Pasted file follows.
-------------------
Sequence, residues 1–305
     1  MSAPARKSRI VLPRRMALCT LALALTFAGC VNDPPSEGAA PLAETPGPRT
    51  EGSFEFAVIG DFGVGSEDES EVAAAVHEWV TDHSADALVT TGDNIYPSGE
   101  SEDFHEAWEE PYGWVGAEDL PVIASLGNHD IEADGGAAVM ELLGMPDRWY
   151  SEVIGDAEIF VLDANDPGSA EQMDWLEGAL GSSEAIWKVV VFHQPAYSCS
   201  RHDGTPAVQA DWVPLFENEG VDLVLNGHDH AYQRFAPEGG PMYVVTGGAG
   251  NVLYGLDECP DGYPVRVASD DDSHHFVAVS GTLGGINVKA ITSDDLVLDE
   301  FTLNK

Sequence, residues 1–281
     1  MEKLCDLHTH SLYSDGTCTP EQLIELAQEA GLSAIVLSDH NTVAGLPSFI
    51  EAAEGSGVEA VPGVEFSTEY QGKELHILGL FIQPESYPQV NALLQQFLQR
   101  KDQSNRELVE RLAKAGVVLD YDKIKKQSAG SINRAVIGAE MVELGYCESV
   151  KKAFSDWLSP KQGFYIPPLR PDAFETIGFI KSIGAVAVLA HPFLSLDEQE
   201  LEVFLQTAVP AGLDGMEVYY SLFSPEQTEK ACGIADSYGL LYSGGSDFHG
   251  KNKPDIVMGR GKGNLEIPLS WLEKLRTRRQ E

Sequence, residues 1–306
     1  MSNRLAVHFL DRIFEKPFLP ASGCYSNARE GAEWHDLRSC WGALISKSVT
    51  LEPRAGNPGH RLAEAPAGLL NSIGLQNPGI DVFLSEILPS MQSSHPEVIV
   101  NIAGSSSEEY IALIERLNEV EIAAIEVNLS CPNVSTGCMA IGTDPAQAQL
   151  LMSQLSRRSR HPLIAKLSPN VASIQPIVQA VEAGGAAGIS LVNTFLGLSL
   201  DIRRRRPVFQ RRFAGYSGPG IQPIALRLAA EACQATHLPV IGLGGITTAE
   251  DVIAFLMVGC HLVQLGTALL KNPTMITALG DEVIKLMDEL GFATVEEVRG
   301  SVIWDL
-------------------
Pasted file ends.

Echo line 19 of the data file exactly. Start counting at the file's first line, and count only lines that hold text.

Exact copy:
   101  NIAGSSSEEY IALIERLNEV EIAAIEVNLS CPNVSTGCMA IGTDPAQAQL